Focus Features | Release Date: June 5, 2009
6.8
USER SCORE
Generally favorable reviews based on 83 Ratings
USER RATING DISTRIBUTION
Positive:
58
Mixed:
12
Negative:
13
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6
YesWeCanSep 18, 2009
This movie loses points due to the self-aware, self-absorbed, indie-holier than thou mentality that seems to elevate the main characters beyond where they should have remained for the entire film - in the role of plausible, relatable people. This movie loses points due to the self-aware, self-absorbed, indie-holier than thou mentality that seems to elevate the main characters beyond where they should have remained for the entire film - in the role of plausible, relatable people. Casting and performances were great. Direction was remarkable and dynamic. Writing was good. Episodic nature suited the film well. Funny and a few authentic moments. Expand
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4
PeteWNov 4, 2009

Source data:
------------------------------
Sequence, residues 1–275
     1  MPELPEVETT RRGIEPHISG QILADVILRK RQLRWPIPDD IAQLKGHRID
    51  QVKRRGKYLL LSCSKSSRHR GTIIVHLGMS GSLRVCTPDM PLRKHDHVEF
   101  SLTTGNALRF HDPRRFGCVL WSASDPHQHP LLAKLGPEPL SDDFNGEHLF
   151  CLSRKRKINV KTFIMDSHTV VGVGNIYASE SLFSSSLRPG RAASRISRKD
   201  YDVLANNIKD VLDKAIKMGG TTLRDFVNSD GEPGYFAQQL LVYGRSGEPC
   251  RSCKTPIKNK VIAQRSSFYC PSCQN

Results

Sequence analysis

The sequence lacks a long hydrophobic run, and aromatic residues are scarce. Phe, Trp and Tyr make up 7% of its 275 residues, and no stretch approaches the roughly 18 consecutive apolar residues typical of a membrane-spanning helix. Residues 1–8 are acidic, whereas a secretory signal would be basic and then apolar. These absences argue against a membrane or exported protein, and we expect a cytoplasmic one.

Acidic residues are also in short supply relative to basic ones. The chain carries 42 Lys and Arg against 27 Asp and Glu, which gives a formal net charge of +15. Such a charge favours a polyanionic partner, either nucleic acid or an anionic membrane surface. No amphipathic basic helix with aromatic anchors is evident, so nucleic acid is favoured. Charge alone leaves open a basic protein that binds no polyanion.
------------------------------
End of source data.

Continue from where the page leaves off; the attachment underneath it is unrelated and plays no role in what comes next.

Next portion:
Too self-conscious, trendy, and whimsical for normal human beings, but hipsters will love it. Burt's relentless childishness grates after the first 20 minutes (John Krasinksi is really stretching himself by playing an affable, goofy Too self-conscious, trendy, and whimsical for normal human beings, but hipsters will love it. Burt's relentless childishness grates after the first 20 minutes (John Krasinksi is really stretching himself by playing an affable, goofy insurance salesman instead of an affable, goofy paper salesman). Verona's inability to get over her parents' death ten years earlier rings false. The supporting characters they visit are all either repulsive caricatures or broken flowers mewling for our sympathy. The obligatory acoustic guitar soundtrack feels like it could've been scored by a computer program. There is no overarching conflict; it's obvious from the start that Burt and Verona are perfect for each other and will probably be fine wherever they wind up (though the ending still manages to feel pat and unearned). A film like this should leave the viewer more inclined to overlook other people's quirks and see the human beings underneath, but Away We Go has nothing but contempt for anyone not as endlessly well-adjusted and mutually devoted as the protagonists. Expand
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